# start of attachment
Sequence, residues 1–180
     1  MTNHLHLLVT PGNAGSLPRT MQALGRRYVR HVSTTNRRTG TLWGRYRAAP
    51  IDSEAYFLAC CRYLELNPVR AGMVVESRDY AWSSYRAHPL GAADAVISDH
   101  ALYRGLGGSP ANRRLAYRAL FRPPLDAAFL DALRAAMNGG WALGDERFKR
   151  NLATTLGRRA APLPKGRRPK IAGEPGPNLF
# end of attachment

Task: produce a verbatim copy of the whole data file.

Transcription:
Sequence, residues 1–180
     1  MTNHLHLLVT PGNAGSLPRT MQALGRRYVR HVSTTNRRTG TLWGRYRAAP
    51  IDSEAYFLAC CRYLELNPVR AGMVVESRDY AWSSYRAHPL GAADAVISDH
   101  ALYRGLGGSP ANRRLAYRAL FRPPLDAAFL DALRAAMNGG WALGDERFKR
   151  NLATTLGRRA APLPKGRRPK IAGEPGPNLF